I could see a straight weight oil being best in an application where an engine was run continuously for long periods of time and not shut down and restarted very often at all.
Perhaps a generator of some sort?
I could see straight weight oils being best in an application where they never see low temperatures (due to climate or preheat), where the oil is subject to sheer (all applications, but especially motorcycles) where the alleged high startup wear (alleged because although I've seen the numbers quoted a lot, and they are plausible, I've never seen a source for them) is less of an issue due to the above, or due to the use of a prelube system, where the engine sits idle for long periods of time, or where the inferior (?) lubrication of polymeric viscosity modifiers is an issue.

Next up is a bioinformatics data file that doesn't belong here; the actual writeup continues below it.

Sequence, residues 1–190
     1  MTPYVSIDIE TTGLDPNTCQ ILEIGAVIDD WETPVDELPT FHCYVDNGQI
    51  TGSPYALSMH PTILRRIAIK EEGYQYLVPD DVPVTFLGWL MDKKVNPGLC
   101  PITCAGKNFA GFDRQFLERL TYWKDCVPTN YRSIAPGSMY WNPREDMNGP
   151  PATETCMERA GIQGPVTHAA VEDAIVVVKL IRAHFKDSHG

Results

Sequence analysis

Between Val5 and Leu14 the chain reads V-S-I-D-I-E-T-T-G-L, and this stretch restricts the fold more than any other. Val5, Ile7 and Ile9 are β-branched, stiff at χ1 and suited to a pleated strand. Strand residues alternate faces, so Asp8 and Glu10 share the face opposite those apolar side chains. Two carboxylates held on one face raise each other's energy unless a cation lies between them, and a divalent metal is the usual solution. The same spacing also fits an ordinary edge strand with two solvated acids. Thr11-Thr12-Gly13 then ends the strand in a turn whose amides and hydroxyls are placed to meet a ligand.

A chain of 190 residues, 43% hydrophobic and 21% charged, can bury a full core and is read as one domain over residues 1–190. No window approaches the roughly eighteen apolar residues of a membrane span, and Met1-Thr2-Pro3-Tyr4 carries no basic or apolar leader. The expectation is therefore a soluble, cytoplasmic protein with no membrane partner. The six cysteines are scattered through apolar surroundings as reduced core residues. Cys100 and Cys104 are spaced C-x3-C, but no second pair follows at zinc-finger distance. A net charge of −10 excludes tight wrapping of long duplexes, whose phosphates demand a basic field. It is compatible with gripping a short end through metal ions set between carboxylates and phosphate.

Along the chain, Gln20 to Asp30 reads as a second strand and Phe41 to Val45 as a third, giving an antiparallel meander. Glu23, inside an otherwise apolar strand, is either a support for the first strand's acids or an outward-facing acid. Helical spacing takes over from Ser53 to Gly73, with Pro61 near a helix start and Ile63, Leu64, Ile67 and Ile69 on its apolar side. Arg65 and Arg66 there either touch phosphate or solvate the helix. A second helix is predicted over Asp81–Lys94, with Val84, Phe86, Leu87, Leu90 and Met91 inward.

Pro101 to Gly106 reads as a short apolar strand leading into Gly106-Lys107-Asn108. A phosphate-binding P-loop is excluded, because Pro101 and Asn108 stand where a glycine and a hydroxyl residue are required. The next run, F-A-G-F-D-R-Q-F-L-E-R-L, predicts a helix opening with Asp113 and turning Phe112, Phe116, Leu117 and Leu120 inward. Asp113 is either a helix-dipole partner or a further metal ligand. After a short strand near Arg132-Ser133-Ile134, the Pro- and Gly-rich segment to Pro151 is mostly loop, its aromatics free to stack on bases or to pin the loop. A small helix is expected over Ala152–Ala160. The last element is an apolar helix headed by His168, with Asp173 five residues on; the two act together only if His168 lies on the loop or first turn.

A LOT of applications, but I don't know what the advantages (if any) are ACTUALLY, because I've seen hardly any evidence.
Either way, it's probably out there, but I havn't seen it. A lot of it is probably secret.
Someone on here recently (I thought it was in this thread, but I can't find it) posted a response along the lines of "or do you think multigrades are just a worthless marketing ploy" as if that was inconceivable.
I don't think they're just a marketing ploy, but "worthless marketing ploy" is, in a commercial context, a contradiction, like military intelligence.
If a marketing ploy is effective, it'll be anything but worthless to the people who implement it, regardless of any technical merit.